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15 - The Eyes Have It

Using Non-Invasive Eye Tracking to Advance Comparative Social Cognition Research

Published online by Cambridge University Press:  28 July 2022

Bennett L. Schwartz
Florida International University
Michael J. Beran
Georgia State University
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Visual information is important for many aspects of primate social life, including social learning, social relationships, and mate choice. Analyzing the attentional patterns of primates can provide key insights into the mechanisms underlying social interactions. Historically, primate visual attention was studied using live or videotaped looking-time paradigms, potentially prone to human error and providing only rough measures of attentional preferences. However, the application of advanced non-invasive eye-tracking methods is now gaining traction in nonhuman primates. This technology opens doors for conducting novel comparative social cognition research with greater precision than ever before, and allows us to better explore social cognition within and across species. In this chapter, we provide a brief review of previous studies of visual attention both in the field and the laboratory. We then examine ways that eye tracking has elucidated social cognitive processes in primates, with a focus on a comparative social memory paradigm used in human infants, gorillas, chimpanzees, and capuchins. We conclude by highlighting several fruitful directions for future comparative research.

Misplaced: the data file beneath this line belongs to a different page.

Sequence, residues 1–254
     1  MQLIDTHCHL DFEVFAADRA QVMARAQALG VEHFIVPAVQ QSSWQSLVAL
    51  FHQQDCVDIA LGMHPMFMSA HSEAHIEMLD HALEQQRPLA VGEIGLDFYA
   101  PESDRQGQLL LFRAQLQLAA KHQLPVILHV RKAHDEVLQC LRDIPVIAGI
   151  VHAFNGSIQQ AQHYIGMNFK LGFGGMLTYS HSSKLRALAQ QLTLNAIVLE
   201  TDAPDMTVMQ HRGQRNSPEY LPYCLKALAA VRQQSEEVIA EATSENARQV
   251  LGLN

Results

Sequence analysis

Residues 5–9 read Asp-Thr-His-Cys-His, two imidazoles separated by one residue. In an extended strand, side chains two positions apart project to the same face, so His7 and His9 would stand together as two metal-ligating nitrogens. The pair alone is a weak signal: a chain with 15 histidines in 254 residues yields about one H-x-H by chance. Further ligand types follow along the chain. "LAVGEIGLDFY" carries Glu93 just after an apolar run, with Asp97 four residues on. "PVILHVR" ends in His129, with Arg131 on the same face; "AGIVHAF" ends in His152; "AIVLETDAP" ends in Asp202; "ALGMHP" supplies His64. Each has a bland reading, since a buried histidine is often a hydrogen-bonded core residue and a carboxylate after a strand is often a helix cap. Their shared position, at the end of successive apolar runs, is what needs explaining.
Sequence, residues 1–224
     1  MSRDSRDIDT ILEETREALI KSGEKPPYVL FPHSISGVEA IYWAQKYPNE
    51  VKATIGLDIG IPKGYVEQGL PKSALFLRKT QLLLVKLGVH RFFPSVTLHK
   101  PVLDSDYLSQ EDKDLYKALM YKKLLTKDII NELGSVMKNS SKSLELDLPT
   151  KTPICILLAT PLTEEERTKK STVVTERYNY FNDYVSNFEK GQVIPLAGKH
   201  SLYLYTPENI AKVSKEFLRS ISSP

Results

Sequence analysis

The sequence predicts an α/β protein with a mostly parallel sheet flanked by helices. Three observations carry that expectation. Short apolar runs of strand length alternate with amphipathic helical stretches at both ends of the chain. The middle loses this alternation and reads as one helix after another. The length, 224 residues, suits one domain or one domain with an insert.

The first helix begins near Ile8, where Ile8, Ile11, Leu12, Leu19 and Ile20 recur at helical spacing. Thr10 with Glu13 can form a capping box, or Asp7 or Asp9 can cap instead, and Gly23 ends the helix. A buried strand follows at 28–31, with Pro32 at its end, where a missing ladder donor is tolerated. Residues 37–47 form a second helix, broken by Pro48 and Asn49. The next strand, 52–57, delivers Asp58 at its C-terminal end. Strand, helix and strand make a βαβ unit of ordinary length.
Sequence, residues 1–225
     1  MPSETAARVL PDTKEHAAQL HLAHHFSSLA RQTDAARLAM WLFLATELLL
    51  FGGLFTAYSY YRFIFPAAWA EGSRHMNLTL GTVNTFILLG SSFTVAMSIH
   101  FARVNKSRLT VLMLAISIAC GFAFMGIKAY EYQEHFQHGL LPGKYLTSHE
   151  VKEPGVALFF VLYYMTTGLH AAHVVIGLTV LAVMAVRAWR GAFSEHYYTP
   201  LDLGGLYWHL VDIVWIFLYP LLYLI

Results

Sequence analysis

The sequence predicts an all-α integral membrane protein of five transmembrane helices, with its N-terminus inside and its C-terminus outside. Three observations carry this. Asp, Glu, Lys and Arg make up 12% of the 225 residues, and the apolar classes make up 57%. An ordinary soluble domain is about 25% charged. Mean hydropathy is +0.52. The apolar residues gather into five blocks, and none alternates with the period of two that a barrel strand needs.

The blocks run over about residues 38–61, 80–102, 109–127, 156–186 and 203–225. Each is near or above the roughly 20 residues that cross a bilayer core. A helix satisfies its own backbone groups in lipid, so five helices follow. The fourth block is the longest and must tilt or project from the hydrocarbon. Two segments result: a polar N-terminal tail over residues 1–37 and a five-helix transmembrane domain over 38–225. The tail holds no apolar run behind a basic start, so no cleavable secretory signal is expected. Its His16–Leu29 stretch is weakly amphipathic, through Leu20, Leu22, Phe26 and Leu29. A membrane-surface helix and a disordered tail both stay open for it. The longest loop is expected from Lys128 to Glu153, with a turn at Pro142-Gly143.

Publisher: Cambridge University Press
Print publication year: 2022

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